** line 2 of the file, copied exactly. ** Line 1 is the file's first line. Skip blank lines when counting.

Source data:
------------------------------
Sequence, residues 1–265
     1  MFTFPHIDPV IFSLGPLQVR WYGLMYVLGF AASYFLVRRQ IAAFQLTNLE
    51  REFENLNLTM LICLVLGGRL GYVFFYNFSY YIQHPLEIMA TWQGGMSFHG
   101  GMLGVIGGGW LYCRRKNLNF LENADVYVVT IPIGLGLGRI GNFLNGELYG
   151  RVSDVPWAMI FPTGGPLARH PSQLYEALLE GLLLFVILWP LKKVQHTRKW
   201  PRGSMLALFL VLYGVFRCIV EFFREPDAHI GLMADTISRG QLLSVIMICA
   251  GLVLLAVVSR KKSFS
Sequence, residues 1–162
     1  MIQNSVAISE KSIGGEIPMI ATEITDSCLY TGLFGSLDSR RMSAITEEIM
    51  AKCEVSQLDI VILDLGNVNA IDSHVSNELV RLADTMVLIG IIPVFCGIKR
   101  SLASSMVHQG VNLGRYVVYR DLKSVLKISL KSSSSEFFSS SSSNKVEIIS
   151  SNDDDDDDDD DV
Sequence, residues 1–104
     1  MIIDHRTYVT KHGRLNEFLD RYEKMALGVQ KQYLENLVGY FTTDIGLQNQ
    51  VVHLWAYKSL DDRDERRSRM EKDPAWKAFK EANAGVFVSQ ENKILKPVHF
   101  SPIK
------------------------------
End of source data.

     1  MFTFPHIDPV IFSLGPLQVR WYGLMYVLGF AASYFLVRRQ IAAFQLTNLE